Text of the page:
(2)

253

254

where

= 2

f

, being

f

the frequency, and

the angular frequency. Then, any uncertainty about

255

is transferred to the energy; that is to say:

256

257

E

  

(3)

258

259

Replacing Eq.(3) into (1), we will have:

260

261

/2

t

  

(4)

262

263

Finally, simplifying Eq.(4), we will have:

264

265

1/2

t

  

(5)

266

267

Equation (5) tells us that a simultaneous decimation in time and frequency is impossible for

268

FFT. Therefore, we must make do with decimation in time or frequency, but not both at once.

269

Linking the last four transforms individually (STFT, GT, FrFT, and WT), each sample in time with its

270

counterpart in frequency in a biunivocal correspondence represents a futile effort to date. That is to

271

say, they are transforms without compact support; with the exception of (WT) which sometimes

272

does [22-24].

273

3. A brief on quantum information processing

274

In this section, we will see the three main players of quantum information processing: the

275

elemental unit of quantum information or qubit (i.e., a quantum bit), the Schrödinger’s equation, and

276

the quantum measurement problem.

277

278

3.1. Quantum bit = qubit

279

Since Quantum Mechanics is formulated in projective Hilbert space, then, we need to appeal to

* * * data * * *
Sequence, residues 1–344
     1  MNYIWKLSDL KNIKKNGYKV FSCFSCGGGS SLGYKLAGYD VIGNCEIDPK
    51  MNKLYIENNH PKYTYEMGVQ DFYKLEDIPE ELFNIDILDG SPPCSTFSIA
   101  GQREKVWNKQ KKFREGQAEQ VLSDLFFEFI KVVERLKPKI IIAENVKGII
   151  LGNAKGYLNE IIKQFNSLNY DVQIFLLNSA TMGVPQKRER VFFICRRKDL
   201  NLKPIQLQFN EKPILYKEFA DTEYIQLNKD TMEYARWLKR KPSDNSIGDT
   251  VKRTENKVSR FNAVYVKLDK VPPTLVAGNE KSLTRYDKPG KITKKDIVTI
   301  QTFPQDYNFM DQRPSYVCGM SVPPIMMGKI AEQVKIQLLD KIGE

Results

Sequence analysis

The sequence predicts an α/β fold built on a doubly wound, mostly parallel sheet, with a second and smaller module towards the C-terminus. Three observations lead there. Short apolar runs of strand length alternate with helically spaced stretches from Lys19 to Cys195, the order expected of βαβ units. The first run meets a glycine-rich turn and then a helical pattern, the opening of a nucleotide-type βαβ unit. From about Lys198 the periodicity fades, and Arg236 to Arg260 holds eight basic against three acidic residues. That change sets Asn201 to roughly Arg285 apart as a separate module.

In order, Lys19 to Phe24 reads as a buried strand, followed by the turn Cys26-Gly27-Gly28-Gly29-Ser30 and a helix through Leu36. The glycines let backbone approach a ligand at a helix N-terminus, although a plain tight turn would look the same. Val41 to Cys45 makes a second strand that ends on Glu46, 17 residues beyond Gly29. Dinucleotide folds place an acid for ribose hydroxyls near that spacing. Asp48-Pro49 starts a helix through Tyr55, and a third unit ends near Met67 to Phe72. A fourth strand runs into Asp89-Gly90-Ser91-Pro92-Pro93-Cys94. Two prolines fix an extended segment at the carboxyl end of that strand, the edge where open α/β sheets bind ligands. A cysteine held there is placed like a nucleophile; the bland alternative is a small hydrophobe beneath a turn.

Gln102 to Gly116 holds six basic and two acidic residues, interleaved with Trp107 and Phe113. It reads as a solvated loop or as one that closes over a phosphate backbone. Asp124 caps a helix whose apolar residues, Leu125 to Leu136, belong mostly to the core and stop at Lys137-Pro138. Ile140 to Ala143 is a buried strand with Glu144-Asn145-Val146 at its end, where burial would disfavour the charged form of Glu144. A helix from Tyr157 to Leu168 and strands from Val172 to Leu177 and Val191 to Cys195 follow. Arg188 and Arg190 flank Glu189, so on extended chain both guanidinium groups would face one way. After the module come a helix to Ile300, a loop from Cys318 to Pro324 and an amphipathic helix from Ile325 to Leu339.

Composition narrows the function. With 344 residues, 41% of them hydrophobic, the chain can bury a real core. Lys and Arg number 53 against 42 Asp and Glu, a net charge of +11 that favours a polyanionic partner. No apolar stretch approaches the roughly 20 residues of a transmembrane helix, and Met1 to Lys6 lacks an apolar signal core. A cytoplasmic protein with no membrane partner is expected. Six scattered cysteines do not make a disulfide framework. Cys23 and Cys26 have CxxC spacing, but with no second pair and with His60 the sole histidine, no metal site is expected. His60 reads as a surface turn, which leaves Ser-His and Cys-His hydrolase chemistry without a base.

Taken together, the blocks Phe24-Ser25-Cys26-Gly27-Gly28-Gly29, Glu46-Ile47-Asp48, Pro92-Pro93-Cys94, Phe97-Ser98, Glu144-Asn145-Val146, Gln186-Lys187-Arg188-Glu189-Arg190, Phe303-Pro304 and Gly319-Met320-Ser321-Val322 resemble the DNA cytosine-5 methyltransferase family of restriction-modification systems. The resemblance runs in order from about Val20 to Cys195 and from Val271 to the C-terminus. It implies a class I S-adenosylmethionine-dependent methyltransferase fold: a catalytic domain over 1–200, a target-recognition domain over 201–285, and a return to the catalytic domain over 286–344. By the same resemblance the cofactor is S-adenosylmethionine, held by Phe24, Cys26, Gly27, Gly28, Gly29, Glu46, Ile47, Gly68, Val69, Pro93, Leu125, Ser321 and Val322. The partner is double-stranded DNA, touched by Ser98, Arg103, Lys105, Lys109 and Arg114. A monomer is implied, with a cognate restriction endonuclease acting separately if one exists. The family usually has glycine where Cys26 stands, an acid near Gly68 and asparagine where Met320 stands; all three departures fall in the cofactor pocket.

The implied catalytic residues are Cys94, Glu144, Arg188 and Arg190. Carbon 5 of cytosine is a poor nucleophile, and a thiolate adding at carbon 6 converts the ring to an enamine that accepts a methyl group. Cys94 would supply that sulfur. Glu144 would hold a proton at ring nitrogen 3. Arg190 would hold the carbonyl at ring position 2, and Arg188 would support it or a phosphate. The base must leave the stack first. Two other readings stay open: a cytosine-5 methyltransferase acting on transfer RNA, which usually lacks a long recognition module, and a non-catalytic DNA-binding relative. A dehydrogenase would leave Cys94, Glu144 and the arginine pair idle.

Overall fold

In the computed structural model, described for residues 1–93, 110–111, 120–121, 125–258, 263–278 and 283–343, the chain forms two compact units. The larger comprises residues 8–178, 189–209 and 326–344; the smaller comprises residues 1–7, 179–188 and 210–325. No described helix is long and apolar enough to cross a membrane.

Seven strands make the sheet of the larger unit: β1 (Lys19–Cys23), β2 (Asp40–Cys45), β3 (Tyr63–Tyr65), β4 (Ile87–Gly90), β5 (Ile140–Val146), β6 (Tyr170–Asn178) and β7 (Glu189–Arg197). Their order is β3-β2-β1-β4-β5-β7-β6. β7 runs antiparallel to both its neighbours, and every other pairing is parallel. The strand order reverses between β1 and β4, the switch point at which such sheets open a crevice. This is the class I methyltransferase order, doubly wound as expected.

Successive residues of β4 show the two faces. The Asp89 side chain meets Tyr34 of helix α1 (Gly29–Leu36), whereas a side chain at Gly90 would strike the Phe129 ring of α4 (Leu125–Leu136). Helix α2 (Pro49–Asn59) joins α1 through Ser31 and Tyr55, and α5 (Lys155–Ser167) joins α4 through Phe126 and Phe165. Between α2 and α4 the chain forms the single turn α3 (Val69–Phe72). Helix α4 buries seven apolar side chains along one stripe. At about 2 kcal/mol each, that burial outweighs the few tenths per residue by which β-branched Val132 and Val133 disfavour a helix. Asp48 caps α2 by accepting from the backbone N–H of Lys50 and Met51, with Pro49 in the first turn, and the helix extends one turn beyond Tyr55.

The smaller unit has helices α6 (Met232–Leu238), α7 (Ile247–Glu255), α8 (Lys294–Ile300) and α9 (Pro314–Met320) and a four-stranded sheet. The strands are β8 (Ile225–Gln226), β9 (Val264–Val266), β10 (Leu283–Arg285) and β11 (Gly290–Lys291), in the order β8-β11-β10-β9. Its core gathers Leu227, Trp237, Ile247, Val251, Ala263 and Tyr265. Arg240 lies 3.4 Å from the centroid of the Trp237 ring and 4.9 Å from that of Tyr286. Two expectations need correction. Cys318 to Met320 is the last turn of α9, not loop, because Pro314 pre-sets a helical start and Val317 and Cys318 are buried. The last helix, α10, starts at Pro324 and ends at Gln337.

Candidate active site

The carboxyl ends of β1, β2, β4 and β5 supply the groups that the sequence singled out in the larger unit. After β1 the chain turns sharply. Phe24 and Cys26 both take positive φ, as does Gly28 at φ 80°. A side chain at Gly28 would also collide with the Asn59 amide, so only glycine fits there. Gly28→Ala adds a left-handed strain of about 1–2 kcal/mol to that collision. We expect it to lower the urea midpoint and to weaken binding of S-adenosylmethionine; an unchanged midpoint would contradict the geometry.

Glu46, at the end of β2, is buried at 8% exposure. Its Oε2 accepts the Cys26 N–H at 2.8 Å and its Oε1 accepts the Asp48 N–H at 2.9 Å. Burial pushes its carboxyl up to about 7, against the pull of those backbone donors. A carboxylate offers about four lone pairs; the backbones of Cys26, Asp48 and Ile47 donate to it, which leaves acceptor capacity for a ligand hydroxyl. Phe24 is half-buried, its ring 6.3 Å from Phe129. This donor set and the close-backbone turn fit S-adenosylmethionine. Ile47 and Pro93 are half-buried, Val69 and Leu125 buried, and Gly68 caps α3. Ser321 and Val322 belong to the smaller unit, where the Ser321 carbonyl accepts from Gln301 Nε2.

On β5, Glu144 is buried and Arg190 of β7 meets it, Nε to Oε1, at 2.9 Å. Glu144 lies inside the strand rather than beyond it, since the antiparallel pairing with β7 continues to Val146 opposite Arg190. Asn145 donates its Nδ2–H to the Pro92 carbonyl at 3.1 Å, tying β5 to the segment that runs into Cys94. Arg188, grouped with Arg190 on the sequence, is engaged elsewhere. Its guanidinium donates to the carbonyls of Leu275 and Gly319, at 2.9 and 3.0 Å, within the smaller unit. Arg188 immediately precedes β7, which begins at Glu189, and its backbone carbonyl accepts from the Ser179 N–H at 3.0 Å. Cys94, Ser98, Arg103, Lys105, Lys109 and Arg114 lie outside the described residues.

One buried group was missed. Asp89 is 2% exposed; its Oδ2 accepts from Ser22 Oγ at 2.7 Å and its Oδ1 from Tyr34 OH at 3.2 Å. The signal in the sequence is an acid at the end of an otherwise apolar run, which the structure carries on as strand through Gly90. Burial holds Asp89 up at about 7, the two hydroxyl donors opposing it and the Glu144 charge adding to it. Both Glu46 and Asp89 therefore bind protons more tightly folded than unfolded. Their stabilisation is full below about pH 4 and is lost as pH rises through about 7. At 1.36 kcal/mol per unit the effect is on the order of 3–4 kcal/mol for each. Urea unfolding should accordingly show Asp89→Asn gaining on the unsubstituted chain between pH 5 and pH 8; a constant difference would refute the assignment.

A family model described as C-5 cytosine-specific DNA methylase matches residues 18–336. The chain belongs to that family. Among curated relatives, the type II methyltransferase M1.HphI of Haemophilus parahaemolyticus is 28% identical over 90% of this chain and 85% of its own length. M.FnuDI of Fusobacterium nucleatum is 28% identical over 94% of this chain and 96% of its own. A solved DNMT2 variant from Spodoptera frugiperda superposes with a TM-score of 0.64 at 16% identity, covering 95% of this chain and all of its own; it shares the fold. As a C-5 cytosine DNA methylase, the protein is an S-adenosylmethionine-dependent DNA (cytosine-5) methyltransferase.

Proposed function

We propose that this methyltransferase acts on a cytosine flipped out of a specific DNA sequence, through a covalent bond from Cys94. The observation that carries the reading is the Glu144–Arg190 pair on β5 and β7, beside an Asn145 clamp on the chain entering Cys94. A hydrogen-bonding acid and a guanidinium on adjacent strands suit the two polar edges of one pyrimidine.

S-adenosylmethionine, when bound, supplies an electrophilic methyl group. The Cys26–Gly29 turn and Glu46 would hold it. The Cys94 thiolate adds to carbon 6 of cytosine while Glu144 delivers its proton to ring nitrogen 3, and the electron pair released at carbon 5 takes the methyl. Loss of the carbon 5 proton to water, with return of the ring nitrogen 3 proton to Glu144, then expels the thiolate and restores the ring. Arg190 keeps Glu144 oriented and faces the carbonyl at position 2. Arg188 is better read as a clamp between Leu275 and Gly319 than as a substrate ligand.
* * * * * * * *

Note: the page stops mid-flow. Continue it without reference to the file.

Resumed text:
280

the Bloch’s sphere, see Fig.2, where we can see three axes (x, y, z), an equator, two poles or qubit

281

basis states

0 North Pole, 1 South Pole

, two angles

 

 , , and a generic wave function  .

282

In this context, the complete wave function will be:

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0 1 0 1

2 2 2 2

i i i

ecose sin   ecoscos i sin sin 

     

    (6)

285

286

Figure 2. Bloch sphere.

287

288

289

where 0   , 0   2 . We can ignore the factor ei because it has no observable effects [1-3],

290

and for that reason, we can effectively write:

291

292

0 1

2 2

i

cose sin 

   (7)

293

294

The numbers  and  define a point on the unit three-dimensional Bloch sphere, as shown in

295

Fig.2, with,

2

cos

  , and

2 i e sin 

  , then, replacing them into Eq.(7),

296

1

0 

   . (8)

297

Besides, a column vector  is called a ket vector

 

T

, where (•)T means transpose of (•);

298

while a row vector  is called a bra vector  * *

 . The numbers * and * are the complex

299

conjugate of  and  numbers respectively, although thinking of them as real numbers for many

300

purposes does not hurt. In other words, the state of a qubit is a vector in a two-dimensional complex

301

vector space. The special states 0 and 1 have a crucial importance in quantum computing and

302

they are known as Computational Basis States (CBS) and form an orthonormal basis for this vector

303

space, being

304

305

Spin down =  = 0 = 1

0

   

 = qubit basis state = North Pole (9)

306

307

and

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Spin up =  = 1 = 0 1

   

 = qubit basis state = South Pole (10)

310

Finally, if the wave function is on the sphere,  will be a pure state, with,

311

312

2 2

* *

1

     

  

 

   

  (11)

313

314

3.1. Schrödinger’s equation

315

A quantum state can be transformed into another state by a unitary operator, symbolized as U

316

(U: HH on a Hilbert space H,being called a unitary operator if it satisfies U U†UU†I , where